How do employers expect the youth to acquire skills if they don't hire them?

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  1. profile image59
    Nothando Dlomoposted 17 months ago

    How do employers expect the youth to acquire skills if they don't hire them?

    I am fresh out of college, I have been struggling to find work or internship because every post I have come across requires a person with a certain period of experience. Our government really has to step in and help out because if this carries on the youth might end up taking drugs and falling prey to all these demons roaming around. We can't let our precious education go to waste. Our parents worked so hard to get us into higher institutions so we could help them out. What good are we if we going to end up staying at home with our degrees and diplomas?

  2. bradmasterOCcal profile image30
    bradmasterOCcalposted 17 months ago

    It has been that way forever. There was a brief time when companies would honor your degree to get you employed. But these degrees were mostly in the technology area.

    The situation won't get any better if they go to a minimum pay of $15 an hour. At that rate they want people that have experience doing the job.

    imo, Industry needs to be the driving force in K-12 and college curriculum. That is if you believe education is to get you a job,rather than a degree.
    .

    1. dashingscorpio profile image89
      dashingscorpioposted 17 months agoin reply to this

      Excellent point!
      Too many people believe just having a degree will open doors. Not all degrees or colleges/universities garner the same respect from the business community.

  3. Express10 profile image87
    Express10posted 17 months ago

    While I can understand your predicament, it is not the government's responsibility to find you a job or career. This is one area in which I think many recent voters will be disappointed. It is solely the job/career seekers responsibility to find or CREATE the job or career that suits them.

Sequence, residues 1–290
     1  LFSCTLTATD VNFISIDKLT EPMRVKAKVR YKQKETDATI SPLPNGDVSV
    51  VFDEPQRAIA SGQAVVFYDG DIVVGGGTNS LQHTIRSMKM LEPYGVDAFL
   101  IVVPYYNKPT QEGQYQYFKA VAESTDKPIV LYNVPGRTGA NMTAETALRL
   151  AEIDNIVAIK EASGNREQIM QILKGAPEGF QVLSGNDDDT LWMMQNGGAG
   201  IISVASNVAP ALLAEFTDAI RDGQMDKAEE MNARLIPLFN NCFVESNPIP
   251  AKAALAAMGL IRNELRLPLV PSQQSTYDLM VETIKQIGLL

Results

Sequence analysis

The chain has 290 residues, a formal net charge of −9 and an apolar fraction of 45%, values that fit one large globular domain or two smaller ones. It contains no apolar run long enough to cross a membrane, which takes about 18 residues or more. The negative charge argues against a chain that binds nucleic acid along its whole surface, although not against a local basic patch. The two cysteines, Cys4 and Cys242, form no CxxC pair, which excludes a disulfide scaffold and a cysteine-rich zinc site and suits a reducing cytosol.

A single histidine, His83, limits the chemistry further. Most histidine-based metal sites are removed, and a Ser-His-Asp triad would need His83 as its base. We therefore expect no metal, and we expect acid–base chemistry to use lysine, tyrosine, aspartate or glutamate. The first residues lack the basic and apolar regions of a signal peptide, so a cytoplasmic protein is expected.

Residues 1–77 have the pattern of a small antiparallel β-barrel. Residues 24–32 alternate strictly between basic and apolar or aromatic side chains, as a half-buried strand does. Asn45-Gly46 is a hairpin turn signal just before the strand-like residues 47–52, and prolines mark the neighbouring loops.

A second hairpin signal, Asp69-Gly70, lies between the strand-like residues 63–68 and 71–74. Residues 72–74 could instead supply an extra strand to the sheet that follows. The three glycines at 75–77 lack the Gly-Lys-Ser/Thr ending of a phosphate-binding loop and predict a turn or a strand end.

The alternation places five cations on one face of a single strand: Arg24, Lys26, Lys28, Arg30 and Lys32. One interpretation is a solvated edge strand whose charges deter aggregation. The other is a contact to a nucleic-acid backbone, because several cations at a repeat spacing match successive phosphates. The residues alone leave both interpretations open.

Employers want whatever they want and many times you may think you are what they want or need only to find it to not be true. This is life. Sadly, life will get harder for a large number of Americans as computers and other things reduce the number of jobs and careers in America. Heck, it's possible that a basic wage for some Americans may become reality a couple decades or so from now. The only things you can do is keep trying to get someone to "accept" you or create your own business. The choice is yours. Nothing is easy whether you go the traditional route or start your own business.

    Another important thing is to simply be aware, take stock of your knowledge, skills, and talents and ask yourself if they will still be in demand 4 or more years later. If not, you need to adapt so that your lifestyle and finances don't nosedive. Too many Americans do not think about this at all and are blindsided into financial oblivion when the proverbial shite hits the fan.

    If your parents even implied that you must help them out in exchange for them helping you go to college, I find that insulting. Love and care should come from an internal desire, not an external demand. They are the ones who created you, they are responsible for you...up to a certain point that is. Many people of all ages are staying at home longer. This is very common in other cultures but an ego blow here in the states.

    If home is where you must stay, all you can do is make the most of it. Save as much money as you possibly can, ensure that you don't do stupid things with your credit, and begin saving for your own retirement unless you want to imply to your own children that they must take care of you when you get older when that responsibility truly should be your own.

    1. bradmasterOCcal profile image30
      bradmasterOCcalposted 17 months agoin reply to this

      Express, while it may be somewhat true what you say. But the government has created the problem with their mucking with education. They should be more in tune with people using education to get a job rather than the old Greek education which was for

  4. dashingscorpio profile image89
    dashingscorpioposted 17 months ago

    https://usercontent2.hubstatic.com/13425837_f260.jpg

    One of the keys is to make sure you major in something that is in demand. Another thing is to go to a college/university that is (respected by companies). Not all degrees/schools are equal.
    Ideally it would have been good for you to have worked internships during the summers while you were still a student. Oftentimes they hire students after they graduate.
    Also a lot of companies send their recruiters to major colleges.
    Having said that what remains for you to do now is be persistent and creative as well as open to relocating if necessary. You'll want to join some groups in LinkedIn and look for jobs listings on that site as well as indeed.com, networking groups on Meetup.com  or something similar if you live outside of the U.S.
    Major cities and their surrounding suburbs usually have more opportunities. Also be willing to work for less in a great company if there are opportunities to rise within. It's not where you "start".
    Make sure you have a quality resume and are well versed on interview skills. Be confident and personable.
    Set a goal to send out 25-50 resumes a day.
    Make your job to find a job a full-time job
    Consider signing up with a temp agency for a contract position.
    Best wishes!

 
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